Within the common business phrase ESG, which stands for Environmental, Social and Governance, one of the letters should have sounded the alarm about FTX.
It is the letter G which stands for Governance or Good Governance Practices.
This could mean a diverse C-suite and investor pool that welcomes people from different social and economic backgrounds as well as ethnic and gender minorities around one table. Put another way, it means avoiding one-size-fits-all among those who write big investment checks so business owners and entrepreneurs can see their ideas and visions flourish.
Unfortunately, there weren’t enough G’s in the check signature of fallen FTX founder Sam Bankman-Fried, who stunned the entire industry without asking anyone the hard questions.
stand on effective altruism
Big investors have been impressed by Bankman-Fried’s bravura, “I know what I’m doing” and “I’m different” attitude.
Bankman-Fried took a stance nourished by the contemporary philosophy of effective philanthropy pervasive in Silicon Valley and at prestigious universities. EA’s ideology emphasizes that “the best can be achieved by choosing to make as much money as possible while trying everything”. Earning and giving is the basic mantra of the community.
The FTX debacle shows that people who sign checks are motivated by people who look like them, who went to the same schools as them, who have the same socioeconomic background as them, who share the facts. If you are different, you are almost out of luck.
The problem with this is that this approach creates a lot of bankman frieds. The crypto industry works with them.
After this fall, the crypto space closed ranks and the message that came out is that one bad apple doesn’t mean other apples and trees are bad. Under this rule, Bankman-Fried is an isolated case, a single bad actor, and the show must go on as if nothing happened.
But what does the crypto industry need to challenge itself? Falling over ten bankman-frieds at the same time?
Elon Musk calls for “ineffective altruism”.
Visionary entrepreneur Elon Musk, CEO of Tesla (TSLA) – GET THE FREE REPORT He pointed the finger at the issue when he poked fun at venture capital firm Sequoia Capital, one of Silicon Valley’s kingmakers and a key investor in FTX.
“SBF is ineffective philanthropy but he thought he would say he was in effective philanthropy. Simple misunderstanding,” the billionaire said on Twitter, referring to Bankman-Fried’s initials.
Here is a partial report of a meeting between Bankman-Fried and Sequoia Capital in July 2021. FTX wanted to raise funds and Sequoia felt the opportunity to do business with Wonder Boy was too good to pass up.
The report is based on an article by Sequoia-commissioned journalist Adam Fischer. The article, published last September, was published on the company’s website under the headline “We Help the Daring Build Legendary Companies.” It has since been removed.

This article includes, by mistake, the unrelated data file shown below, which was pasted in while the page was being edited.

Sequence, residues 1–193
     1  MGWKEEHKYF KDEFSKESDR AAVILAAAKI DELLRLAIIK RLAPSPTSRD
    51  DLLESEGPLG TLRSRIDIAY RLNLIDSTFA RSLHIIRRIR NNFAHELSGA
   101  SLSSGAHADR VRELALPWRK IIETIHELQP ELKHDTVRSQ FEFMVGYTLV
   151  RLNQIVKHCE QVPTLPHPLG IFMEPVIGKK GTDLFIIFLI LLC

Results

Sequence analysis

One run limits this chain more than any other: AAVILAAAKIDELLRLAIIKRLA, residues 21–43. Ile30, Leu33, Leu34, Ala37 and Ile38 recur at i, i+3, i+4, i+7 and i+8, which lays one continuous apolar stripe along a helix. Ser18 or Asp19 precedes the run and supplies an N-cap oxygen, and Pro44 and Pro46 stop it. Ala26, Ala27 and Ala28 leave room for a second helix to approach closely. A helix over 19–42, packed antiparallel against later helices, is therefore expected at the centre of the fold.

“Some of the exchanges that we met and looked at had regulatory issues, some of which were already public,” Michele Baillehe, a “young gun” at Sequoia Capital, told Fischer. “And then there was Sam.”
FTX and Bankman-Fried were “Goldilocks-perfect” for Sequoia.
“We had a great meeting with Sam, but I remember Alfred’s last question [Lin] asked: “Everything you build is great, but what is your long-term vision for FTX?” Fischer recounts. Lynn is an experienced partner at Sequoia.
“Back then, SBF told Sequoia about the so-called super app, ‘I want FTX to be a place where you can do whatever you want with your next dollar. You can buy bitcoins. You can send any currency to a friend. You can send money to the US from anywhere in the world. You can buy a banana. Within FTX, you can do anything with your money.’”
Fischer continued, “All of a sudden, the chat window pops up on Sequoia’s page on Zoom with partners. “I love this founder,” typed one partner. “I’m 10 out of 10,” pinged another. did. ‘YES SIR!!!’ shouted the third.
Risk management is the biggest loser
The die was cast from the start. Bankman-Fried preached to the faithful. The question seemed more like how much Sequoia would write on the check.
Nobody asked Bankman-Fried the difficult questions. Here are some of those the company might ask:
– How do you plan to build the infrastructure for your global app?
– What will make your platform compelling enough for people to switch to another?
Last but not least:
– Is there just one scenario where what you are selling us will fail?
An honest answer to this last question would reveal the potential risks to the company. But at that day’s meeting, risk management suffered big losses. Everyone seemed happy and eager to be in the same boat.
In October 2021, Sequoia signed a large check for FTX valued at $25 billion. Three months later, that valuation rose to $32 billion. We wrote on TheStreet on February 1, 2022, the day after the announcement:
“The news will no doubt raise questions about the formation of a bubble in the cryptosphere: FTX Trading, one of the largest cryptocurrency exchanges, posted a $7 billion valuation gain in the three months following the cryptocurrency market crash.”
“While FTX’s new valuation is a sign of VC investors’ confidence in the cryptosphere, it will not comfort critics who see a crypto bubble.”
Sequoia did not immediately respond to requests for comment.
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